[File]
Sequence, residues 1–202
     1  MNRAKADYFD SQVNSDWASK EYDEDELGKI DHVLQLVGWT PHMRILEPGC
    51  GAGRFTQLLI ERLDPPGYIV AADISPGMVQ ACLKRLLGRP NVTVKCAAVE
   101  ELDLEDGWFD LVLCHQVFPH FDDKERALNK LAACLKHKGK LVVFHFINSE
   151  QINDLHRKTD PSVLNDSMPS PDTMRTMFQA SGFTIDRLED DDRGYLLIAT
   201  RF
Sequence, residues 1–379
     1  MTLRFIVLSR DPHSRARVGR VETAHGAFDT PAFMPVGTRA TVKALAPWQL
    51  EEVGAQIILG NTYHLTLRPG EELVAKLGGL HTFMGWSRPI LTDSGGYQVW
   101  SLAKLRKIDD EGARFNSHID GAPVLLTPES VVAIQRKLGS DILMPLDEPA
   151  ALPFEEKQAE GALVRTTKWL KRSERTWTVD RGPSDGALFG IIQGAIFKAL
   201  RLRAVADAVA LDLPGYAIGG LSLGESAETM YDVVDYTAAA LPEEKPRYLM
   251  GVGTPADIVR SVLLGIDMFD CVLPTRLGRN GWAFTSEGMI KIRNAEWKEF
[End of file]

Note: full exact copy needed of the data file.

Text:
Sequence, residues 1–202
     1  MNRAKADYFD SQVNSDWASK EYDEDELGKI DHVLQLVGWT PHMRILEPGC
    51  GAGRFTQLLI ERLDPPGYIV AADISPGMVQ ACLKRLLGRP NVTVKCAAVE
   101  ELDLEDGWFD LVLCHQVFPH FDDKERALNK LAACLKHKGK LVVFHFINSE
   151  QINDLHRKTD PSVLNDSMPS PDTMRTMFQA SGFTIDRLED DDRGYLLIAT
   201  RF
Sequence, residues 1–379
     1  MTLRFIVLSR DPHSRARVGR VETAHGAFDT PAFMPVGTRA TVKALAPWQL
    51  EEVGAQIILG NTYHLTLRPG EELVAKLGGL HTFMGWSRPI LTDSGGYQVW
   101  SLAKLRKIDD EGARFNSHID GAPVLLTPES VVAIQRKLGS DILMPLDEPA
   151  ALPFEEKQAE GALVRTTKWL KRSERTWTVD RGPSDGALFG IIQGAIFKAL
   201  RLRAVADAVA LDLPGYAIGG LSLGESAETM YDVVDYTAAA LPEEKPRYLM
   251  GVGTPADIVR SVLLGIDMFD CVLPTRLGRN GWAFTSEGMI KIRNAEWKEF